I'd like to second Ben Aiken's letter [“Postmarks
” online, March 17] decrying the exhibition of mediocrity that took place last week during South by Southwest. My complaint reaches much further than the Conference, though. I think there is an all-out war campaign being fought against the idea of musical virtuosity. It's rare you find a group with the balls to take the unfashionable risk of sincerity that isn’t saturated in self-indulgent pop-idol jockeying. Seen any truly dynamic instrumentalists lately? Not at SXSW, unless they were veterans. I personally know local musicians who, when quizzed on their goals as a band, actually say, "We want to be rock stars," not, "We want to make amazing music."
There's a wide gap to be filled by someone who wants to dignify the dialogue between artists and their audiences and to create something fresh and uplifting, instead of being the millionth gang of slobs to gorge themselves on retro-culture. Or how about some rockin’ showmanship? Here’s some real retro for ya. I sat front row for the Van Halen reunion tour in Philadelphia last October and actually wept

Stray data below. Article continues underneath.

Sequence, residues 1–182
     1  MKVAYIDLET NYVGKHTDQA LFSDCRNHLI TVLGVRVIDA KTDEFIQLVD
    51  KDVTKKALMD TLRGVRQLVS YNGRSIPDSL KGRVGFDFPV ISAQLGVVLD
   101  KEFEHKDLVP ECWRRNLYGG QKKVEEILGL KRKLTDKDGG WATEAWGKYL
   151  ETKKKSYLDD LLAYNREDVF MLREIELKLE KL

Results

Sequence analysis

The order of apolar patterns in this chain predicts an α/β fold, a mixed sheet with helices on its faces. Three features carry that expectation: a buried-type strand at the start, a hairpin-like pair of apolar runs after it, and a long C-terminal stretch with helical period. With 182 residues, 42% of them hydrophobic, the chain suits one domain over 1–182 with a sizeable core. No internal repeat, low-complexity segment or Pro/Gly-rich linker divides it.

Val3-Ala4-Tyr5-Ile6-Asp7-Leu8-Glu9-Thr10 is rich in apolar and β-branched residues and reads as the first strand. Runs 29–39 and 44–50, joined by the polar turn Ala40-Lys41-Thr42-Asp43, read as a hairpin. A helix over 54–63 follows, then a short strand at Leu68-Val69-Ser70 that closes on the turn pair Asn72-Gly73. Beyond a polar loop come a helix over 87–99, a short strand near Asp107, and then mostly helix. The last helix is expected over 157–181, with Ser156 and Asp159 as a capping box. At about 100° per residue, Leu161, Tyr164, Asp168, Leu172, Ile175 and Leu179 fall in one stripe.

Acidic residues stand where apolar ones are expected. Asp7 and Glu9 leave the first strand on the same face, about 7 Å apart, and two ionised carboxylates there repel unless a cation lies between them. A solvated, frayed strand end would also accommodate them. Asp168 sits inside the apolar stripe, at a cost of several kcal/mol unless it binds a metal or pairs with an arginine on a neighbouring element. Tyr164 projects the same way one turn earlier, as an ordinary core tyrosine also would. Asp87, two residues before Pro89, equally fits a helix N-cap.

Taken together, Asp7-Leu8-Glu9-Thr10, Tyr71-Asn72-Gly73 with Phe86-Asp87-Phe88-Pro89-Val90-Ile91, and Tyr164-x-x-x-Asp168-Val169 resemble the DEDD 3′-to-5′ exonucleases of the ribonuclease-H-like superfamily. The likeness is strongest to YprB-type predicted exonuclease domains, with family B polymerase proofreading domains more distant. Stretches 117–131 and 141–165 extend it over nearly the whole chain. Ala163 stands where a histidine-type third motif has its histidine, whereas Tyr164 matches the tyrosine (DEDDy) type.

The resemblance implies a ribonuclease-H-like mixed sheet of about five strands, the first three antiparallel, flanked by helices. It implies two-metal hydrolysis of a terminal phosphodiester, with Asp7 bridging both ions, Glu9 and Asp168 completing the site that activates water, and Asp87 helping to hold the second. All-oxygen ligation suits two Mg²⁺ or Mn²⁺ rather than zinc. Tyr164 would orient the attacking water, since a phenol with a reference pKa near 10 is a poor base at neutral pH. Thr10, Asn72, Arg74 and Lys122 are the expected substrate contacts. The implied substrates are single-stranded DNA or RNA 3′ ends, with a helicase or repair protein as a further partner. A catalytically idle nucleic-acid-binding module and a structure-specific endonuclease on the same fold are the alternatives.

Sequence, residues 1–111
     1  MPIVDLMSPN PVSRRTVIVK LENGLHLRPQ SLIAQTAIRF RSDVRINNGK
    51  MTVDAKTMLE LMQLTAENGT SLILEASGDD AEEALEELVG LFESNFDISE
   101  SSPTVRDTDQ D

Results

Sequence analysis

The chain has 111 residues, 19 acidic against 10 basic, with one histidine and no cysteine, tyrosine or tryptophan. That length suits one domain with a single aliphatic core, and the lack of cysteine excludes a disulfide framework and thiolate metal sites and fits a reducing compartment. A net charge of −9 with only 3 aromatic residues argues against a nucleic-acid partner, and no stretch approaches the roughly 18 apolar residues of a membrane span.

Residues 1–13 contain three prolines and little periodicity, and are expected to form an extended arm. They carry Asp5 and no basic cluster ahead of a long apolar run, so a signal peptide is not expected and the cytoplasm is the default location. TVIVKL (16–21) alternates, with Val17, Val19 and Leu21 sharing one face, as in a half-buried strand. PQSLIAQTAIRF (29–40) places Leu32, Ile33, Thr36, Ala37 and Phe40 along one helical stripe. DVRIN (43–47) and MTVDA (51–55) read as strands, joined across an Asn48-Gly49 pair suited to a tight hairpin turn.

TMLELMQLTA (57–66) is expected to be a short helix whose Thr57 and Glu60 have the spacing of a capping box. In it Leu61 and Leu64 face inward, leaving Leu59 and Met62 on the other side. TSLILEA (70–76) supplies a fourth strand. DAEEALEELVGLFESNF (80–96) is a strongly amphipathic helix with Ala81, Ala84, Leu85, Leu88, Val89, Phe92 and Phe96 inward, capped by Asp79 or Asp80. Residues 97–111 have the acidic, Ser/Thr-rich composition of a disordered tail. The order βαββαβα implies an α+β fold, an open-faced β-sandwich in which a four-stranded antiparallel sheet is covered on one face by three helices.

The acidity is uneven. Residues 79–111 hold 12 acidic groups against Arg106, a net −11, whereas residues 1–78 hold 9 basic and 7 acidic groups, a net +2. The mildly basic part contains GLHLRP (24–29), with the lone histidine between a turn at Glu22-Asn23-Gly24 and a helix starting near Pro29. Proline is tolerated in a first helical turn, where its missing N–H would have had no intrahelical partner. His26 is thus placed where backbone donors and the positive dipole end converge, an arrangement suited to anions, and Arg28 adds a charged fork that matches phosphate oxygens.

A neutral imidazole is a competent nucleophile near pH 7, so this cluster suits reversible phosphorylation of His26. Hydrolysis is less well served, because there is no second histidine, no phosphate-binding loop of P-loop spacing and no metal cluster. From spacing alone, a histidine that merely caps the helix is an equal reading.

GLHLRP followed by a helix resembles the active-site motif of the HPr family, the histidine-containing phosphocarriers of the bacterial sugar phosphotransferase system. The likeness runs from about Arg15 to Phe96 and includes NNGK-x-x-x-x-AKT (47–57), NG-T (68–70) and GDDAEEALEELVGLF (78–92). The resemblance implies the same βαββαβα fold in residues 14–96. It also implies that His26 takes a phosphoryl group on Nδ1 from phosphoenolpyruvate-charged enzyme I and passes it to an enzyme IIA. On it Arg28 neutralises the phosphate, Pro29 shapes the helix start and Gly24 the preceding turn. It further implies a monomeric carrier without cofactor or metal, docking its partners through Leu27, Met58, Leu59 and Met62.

during Eddie’s solo! To be fair, I was kind of drunk, but I was also just moved by watching a battle-scarred old guard casually showcase his absolute mastery of his instrument, as David Lee Roth dutifully pranced about with a goofy grin. Not very hip, I know. But see if any of the several thousand people there – many of them under 30, like me! – gave a shit. People are starved for this stuff, and that goes to explain the recent trend of teenagers who are raiding Dad’s Steely Dan records instead of going back for seconds of post-pop crap.
Look, I know it’s not all bad. But I’d like to hear more young people demanding better instead of just accepting the latest as the greatest because it happens to be a product of their generation. I wonder if they’re really listening. I feel like I'm too young to be this sentimental for shit that happened while I was eating glue.
Ben, look no further; you struck oil. It’s mostly about the sweaters.
“Jazz isn’t dead; it just smells funny.”
p.s. I miss Twang Twang Shock-a-Boom.